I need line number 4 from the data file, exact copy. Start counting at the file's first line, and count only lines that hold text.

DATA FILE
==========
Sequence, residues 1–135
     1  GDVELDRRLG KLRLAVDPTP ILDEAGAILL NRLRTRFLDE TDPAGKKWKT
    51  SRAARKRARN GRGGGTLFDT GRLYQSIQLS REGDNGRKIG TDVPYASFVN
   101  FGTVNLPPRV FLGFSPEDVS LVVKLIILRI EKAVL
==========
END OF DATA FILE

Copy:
   101  FGTVNLPPRV FLGFSPEDVS LVVKLIILRI EKAVL